Justin Hiebert

Catalyzing Change

Peacemaking as a way of life

Posted on 20 Oct 2014 in Christianity, Church, Culture | Comments Off on Peacemaking as a way of life

People often wonder what it is that Christians find appealing about Christianity.

“It’s a myth.”

“It’s a legend.”

“Jesus was a great teacher, but not a savior.”

The response has been to create a realm of public debate to defend the truth of Christianity. It’s called apologetics and you can go to any book store, any church library, or any Christian university and find resources on apologetics.

The thought, so it seems, is that we need to be able to defend our faith, as if somehow our words can prove more fruitful and successful than the words of God.

So we dedicate ourselves to the reading and writing of Scripture, to the arguments, and to the concepts of the Christian faith hoping to convince someone else why it is important for them to become a Christian.

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We’ve traded the call of Christ to live in a certain way and replaced it with an argument about proper belief.

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We’ve built up a whole Christian industry around the rallying cry defend the faith!

And yet nowhere do I see in the story of the Bible, such a rigors defense of the faith. Are we supposed to know Scripture? Absolutely. Are we supposed to know the reason for the hope within as 1 Peter 3 urges us? Definitely, but we tend to quickly forget the second part of that verse which states, “with all gentleness and respect.”

In fact, as important knowing about faith is in the Bible, what it makes even more abundantly clear is the need to actually live it out.

Interpretation is the art of being able to define what this text means.

Application forces us to answer the question: so what are we going to do differently?

And the great failure of apologetics is that we too often get caught up in interpretation and never in application.

Or as James cautioned us, we have become hearers of the word and not doers.

Because it’s easy.

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It’s easy to show up on Sunday, here something edifying, encouraging, or helpful, and then walk out until next week but never actually have that Scripture or word of encouragement make it from your head to your heart.

We’ve traded the call of Christ to live in a certain way and replaced it with an argument about proper belief.

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And this is one passage in particular that I don’t think that holds well the notion that thinking or arguing about faith is just as important as living it.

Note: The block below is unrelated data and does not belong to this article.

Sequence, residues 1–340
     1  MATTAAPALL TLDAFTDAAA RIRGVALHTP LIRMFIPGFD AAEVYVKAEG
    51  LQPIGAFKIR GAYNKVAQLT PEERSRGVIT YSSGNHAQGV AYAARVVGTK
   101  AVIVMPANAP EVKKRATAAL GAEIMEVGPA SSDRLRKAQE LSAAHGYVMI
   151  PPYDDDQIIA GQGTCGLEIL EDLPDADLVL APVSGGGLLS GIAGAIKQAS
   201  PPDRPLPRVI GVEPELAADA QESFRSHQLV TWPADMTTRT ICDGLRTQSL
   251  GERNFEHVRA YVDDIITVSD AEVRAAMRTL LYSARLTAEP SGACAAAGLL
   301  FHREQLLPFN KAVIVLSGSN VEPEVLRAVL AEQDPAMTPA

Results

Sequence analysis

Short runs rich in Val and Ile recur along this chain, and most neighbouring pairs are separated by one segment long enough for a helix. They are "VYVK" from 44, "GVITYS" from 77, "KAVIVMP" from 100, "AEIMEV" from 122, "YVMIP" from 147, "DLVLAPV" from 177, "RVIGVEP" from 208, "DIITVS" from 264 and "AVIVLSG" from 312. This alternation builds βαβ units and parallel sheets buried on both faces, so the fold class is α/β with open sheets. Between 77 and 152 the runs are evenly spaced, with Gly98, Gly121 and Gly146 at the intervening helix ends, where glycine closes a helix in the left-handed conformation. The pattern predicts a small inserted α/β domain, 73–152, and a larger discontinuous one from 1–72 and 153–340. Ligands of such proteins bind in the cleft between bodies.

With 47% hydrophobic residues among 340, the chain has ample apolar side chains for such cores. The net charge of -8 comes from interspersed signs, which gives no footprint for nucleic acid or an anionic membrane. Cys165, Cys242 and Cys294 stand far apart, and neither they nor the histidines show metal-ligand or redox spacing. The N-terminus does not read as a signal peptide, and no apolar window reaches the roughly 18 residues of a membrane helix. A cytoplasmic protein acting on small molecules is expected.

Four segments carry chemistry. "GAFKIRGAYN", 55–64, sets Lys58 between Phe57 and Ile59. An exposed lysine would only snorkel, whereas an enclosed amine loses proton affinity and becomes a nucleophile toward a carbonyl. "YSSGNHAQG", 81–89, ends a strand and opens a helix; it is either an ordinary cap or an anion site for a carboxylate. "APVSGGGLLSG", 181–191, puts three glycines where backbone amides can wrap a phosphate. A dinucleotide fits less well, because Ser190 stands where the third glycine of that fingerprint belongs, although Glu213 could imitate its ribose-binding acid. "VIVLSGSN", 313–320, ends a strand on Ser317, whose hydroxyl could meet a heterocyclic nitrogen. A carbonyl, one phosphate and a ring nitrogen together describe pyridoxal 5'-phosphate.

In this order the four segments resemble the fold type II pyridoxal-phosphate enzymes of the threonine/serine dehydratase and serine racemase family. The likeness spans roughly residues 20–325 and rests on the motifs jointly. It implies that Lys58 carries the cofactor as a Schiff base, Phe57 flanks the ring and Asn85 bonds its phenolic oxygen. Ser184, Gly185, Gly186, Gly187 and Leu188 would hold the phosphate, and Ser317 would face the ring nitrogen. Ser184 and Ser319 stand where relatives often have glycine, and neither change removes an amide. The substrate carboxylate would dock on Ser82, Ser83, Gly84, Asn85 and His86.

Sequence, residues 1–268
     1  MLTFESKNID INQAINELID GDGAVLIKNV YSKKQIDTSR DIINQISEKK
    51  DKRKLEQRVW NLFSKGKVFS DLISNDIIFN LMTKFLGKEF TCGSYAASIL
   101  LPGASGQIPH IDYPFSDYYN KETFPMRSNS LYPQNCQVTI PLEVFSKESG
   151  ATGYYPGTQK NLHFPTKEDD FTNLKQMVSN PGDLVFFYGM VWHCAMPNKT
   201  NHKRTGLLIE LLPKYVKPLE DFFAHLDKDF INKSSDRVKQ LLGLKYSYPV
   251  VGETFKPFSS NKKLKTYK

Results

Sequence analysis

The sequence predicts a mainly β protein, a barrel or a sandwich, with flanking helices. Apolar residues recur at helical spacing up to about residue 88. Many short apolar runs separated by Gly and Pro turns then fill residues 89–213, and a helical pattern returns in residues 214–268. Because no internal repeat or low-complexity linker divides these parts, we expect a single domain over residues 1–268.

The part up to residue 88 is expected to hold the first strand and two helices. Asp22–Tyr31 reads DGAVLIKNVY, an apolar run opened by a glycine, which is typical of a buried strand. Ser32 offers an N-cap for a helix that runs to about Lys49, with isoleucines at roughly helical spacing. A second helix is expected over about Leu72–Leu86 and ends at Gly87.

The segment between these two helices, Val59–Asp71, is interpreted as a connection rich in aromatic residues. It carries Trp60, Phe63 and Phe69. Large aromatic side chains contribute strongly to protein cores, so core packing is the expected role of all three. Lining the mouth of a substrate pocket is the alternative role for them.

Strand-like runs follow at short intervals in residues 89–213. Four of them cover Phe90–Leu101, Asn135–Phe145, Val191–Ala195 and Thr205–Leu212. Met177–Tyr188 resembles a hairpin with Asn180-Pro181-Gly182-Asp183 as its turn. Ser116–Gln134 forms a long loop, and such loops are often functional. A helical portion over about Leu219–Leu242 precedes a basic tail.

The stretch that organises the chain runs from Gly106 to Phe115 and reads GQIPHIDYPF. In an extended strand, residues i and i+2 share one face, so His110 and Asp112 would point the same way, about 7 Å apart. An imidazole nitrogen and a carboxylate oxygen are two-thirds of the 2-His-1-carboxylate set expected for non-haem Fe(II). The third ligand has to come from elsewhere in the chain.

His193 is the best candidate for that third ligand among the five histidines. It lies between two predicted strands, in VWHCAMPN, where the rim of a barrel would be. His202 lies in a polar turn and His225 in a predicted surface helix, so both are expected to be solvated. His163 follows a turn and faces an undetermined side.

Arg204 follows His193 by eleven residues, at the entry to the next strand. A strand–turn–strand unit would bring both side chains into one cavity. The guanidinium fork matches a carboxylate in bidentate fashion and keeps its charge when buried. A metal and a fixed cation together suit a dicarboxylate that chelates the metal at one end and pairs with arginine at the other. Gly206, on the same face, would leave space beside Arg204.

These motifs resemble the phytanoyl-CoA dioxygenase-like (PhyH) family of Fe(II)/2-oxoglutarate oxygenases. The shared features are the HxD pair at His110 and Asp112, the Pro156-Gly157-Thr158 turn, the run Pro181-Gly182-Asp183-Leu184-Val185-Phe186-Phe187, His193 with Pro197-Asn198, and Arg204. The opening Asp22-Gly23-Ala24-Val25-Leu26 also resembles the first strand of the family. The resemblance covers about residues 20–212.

Blessed are the peacemakers for they will be called children of God.

Jesus makes clear that creation is an important facet of the Christian life. The peace makers those that are actively working their faith in the world to promote and establish God’s standard of peace, of shalom, of wholeness and wellness of being in and among all things. The blessed, those that experience joy with God, are those that actively work to make, create, and advance peace.

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It is this convincing action that will leave a watching world convinced to the validity of the claims that Jesus makes.

In fact, it is the piece of faith that I find so compelling.

So much so, that my working theory has become that the Christian way of life becomes defined by the opposite of my natural inclination or desire.

Think of it this way. It’s fairly easy for me, if I’m wrong to want to wrong somebody back. It’s fairly easy for me to think of myself more and others less. It’s easy for us to live as though we are the center of the universe, to exploit others and the planet to our hearts desire, and to think that we are above repercussions.

And my natural reaction, when punched in the face, is to punch back. So if the best Christianity can do is to punch people back, but in the name of God, we have missed something fundamental about the heart and desire of God.

And so my working theory is my Christian self should act close to the opposite of what my natural instinct is.

To bless when cursed.

To live generously when others are stingy.

To think of my self less while others are acting selfish.

To forgive when wronged.

And to extend and live peacefully in a world full of violence.

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Remember that the Sermon on the Mount is the initial training call for the disciples. Fresh of fishing boat, Jesus takes them up on a mountain to train them how to live as his followers. Part of their core identity is to be people of peace.

In the midst of a country, occupied by a foreign power that looked down on them and ridiculed the Jewish people, one of the first things that Jesus tells his followers to do is to be a peacemaker.

Later, in the same training period, Jesus will tell his followers this: